‘Demolition Man 2’: Sylvester Stallone Says a Sequel is in the Works!!

Demolition Man 2 may yet break free from its proverbial project cryoprison. That’s because Sylvester Stallone, who headlined the cheeky 1993 action/sci-fi cult classic, has dropped the intriguing news that the highly-hypothesized sequel is on the docket over at Warner Bros.

Stallone made the revelatory statement in a rather casual manner during a Q&A on his Instagram, answering a fan’s question about a potential Demolition Man sequel with a surprisingly potent—albeit brief—reveal of the project’s apparent position on the studio’s backlog. As Stallone answers of the sequel prospects:

“I think it’s coming. We’re working on it right now with Warner Brothers. It’s looking fantastic. So, that should come out, that’s going to happen.”

While that is the extent of Stallone’s sequel comment, it nevertheless adds fuel to the fire of Demolition Man 2, which has long been a topic of discussion for film fans who have come to appreciate the satirical quasi-future-set sci-fi actioner, still hypothesizing about the way in which the infamous three seashells serve as futuristic toiletries; an especially timely topic with the recent pandemic-incited toilet paper shortages reviving the scene in question as a meme.

1993’s Demolition Man (which, for now, we’ll optimistically refer to as “the original”), directed by Italian helmer Marco Brambilla, starred Stallone as Sgt. John Spartan, a no-nonsense, archetypal action movie LAPD supercop from the then-near-future of 1996 in which Los Angeles was—in a vision undoubtedly inspired by the 1992 riots—overrun by criminality and literally engulfed in flames. However, after a major scrap with criminal rival Simon Phoenix (Wesley Snipes) goes sideways, Spartan is framed for a crime, subsequently sentenced to the experimental punitive measure of incarceration in California’s “Cryo-Penitentiary.” After he’s finally thawed in the year 2032, Spartan awakens to an apparent utopia that’s free of crime, but is a rather bland world filled with an effete populace who are clearly the product of a censored society. Moreover, Spartan’s freedom comes with a caveat, since Phoenix—who was similarly frozen—is mysteriously set loose in a society unable to handle him, thus requiring the old-fashioned cop, joined by ‘80s action-aficionado partner Lt. Lenina Huxley (Sandra Bullock), to catch the old-fashioned crook.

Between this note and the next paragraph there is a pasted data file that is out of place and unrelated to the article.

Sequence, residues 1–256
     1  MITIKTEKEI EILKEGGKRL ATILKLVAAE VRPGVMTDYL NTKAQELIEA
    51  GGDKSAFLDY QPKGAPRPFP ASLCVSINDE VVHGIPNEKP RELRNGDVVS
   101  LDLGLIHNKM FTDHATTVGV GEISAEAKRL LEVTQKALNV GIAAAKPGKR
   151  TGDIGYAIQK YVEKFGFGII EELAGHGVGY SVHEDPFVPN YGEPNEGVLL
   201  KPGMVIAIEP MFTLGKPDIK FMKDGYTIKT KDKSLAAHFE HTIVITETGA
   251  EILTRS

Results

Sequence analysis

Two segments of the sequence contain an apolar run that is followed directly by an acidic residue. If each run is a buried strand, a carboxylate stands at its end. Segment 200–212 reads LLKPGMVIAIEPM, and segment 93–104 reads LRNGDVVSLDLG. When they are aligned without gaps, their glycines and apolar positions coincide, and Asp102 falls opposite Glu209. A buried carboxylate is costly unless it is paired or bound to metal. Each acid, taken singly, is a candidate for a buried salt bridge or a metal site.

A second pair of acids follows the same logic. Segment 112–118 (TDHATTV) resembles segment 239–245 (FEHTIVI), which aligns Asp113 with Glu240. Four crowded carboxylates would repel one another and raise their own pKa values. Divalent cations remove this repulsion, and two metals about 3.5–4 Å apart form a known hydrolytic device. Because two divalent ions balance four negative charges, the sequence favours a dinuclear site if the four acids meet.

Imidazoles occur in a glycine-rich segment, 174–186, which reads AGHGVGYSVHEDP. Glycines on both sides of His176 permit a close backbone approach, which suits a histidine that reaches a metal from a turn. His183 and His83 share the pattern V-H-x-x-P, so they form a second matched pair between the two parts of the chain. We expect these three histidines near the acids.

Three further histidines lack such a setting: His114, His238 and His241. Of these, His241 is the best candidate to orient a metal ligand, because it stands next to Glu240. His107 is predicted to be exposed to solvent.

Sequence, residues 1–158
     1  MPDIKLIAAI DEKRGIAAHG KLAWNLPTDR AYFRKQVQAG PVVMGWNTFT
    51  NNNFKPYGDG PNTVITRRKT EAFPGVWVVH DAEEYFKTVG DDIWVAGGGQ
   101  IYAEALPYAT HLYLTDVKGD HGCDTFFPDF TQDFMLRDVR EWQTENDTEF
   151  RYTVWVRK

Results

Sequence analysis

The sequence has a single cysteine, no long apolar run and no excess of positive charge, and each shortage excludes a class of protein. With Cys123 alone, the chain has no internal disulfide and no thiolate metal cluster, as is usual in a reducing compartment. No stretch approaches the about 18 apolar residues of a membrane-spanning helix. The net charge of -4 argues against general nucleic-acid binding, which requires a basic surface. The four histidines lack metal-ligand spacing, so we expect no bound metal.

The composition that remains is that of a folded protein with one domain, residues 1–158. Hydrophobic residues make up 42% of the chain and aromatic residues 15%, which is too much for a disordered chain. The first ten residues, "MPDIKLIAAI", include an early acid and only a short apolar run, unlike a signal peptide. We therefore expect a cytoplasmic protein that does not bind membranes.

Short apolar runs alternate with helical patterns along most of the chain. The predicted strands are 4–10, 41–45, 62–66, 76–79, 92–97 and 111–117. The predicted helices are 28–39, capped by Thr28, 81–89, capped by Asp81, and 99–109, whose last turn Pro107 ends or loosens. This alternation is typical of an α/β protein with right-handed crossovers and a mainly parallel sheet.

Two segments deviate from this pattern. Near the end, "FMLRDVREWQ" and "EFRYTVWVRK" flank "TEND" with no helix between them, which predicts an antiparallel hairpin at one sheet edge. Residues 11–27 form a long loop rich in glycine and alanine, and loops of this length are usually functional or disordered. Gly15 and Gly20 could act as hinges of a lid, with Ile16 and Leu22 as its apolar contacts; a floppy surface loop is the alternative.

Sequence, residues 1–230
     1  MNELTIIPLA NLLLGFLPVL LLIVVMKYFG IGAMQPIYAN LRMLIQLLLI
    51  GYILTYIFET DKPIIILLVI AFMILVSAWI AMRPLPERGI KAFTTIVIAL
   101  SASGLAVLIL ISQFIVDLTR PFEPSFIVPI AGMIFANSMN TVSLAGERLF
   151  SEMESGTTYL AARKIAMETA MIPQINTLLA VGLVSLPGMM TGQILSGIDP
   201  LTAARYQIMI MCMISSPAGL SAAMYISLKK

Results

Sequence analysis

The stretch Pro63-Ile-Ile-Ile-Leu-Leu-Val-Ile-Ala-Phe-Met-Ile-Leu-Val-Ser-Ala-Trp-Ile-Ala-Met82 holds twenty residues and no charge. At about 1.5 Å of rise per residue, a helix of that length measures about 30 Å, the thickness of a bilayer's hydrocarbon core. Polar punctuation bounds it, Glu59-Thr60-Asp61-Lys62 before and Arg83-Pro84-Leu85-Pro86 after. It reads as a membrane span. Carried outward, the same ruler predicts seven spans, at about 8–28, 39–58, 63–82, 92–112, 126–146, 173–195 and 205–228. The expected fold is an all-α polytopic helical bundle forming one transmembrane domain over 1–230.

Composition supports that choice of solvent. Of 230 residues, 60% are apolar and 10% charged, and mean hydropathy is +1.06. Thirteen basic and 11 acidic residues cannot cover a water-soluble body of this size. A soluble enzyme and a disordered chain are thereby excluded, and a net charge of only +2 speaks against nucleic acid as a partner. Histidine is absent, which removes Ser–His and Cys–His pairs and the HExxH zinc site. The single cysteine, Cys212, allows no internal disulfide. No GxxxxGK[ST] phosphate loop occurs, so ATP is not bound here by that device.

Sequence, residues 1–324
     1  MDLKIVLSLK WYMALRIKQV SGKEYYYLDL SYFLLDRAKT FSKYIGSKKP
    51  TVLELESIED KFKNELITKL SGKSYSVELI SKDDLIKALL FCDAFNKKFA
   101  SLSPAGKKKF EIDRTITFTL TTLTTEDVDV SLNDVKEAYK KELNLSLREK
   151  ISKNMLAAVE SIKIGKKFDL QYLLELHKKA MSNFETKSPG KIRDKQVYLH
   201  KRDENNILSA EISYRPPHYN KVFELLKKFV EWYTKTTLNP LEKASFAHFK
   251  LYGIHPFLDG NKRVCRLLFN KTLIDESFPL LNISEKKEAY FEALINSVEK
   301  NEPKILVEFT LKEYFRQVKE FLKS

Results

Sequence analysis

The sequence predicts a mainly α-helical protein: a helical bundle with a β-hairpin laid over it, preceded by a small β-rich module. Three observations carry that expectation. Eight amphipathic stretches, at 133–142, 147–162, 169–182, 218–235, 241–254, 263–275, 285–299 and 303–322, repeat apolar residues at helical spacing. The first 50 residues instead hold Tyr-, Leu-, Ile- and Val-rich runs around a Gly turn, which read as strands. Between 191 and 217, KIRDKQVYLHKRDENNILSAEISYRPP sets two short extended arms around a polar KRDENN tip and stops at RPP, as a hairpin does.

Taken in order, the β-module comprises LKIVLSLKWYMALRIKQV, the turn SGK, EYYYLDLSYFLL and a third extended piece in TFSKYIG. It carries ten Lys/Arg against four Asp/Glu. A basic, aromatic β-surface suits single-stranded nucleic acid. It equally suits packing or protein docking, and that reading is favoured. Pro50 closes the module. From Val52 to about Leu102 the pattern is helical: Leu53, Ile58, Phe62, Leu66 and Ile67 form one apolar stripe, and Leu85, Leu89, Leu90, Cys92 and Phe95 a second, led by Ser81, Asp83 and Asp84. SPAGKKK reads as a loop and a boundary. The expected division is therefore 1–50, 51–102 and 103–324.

Of course, fans have long-sought a Demolition Man sequel, especially with the recent revelation that producer Joel Silver and co-writer Daniel Waters had planned to pitch a sequel idea—following up on a hanging plot point from the first film—in which Spartan would reunite with his daughter, who, 36 years older, would have been played by Meryl Streep. While the ship for that idea may have passed, there is still plenty of intriguing ways to approach a sequel story, perhaps showcasing how the vanilla society of 2032 evolved since the Spartan iceman had cometh, especially with the potential cultural influence from liberated former Resistance leader Edgar Friendly (Denis Leary), who, in the film, had been targeted by the repressive regime that created their blissfully totalitarian lifestyle.

Poetically enough, Demolition Man—just as a 1993 contemporary in Arnold Schwarzenegger’s underappreciated The Last Action Hero—was the product of an early-to-mid 1990s era during which the action film genre—having already peaked in the late 1980s—was starting to brandish a measure of self-awareness about its unbridled, physics-defying, sometimes-jingoistic heyday. Indeed, while the film’s depicted future society may have moved past unsavory elements, many people found themselves looking back to the action era, its unapologetic outrageousness and, perhaps most of all, the freedom that they relinquished; elements that, in certain aspects, arguably parallel today’s society, which provides auspicious timing for the prospective sequel.

We, of course, will keep you updated on the developing Demolition Man 2 story with the vigilance of a wall-mounted box enforcing the verbal morality statute.

 

via Den of Geek

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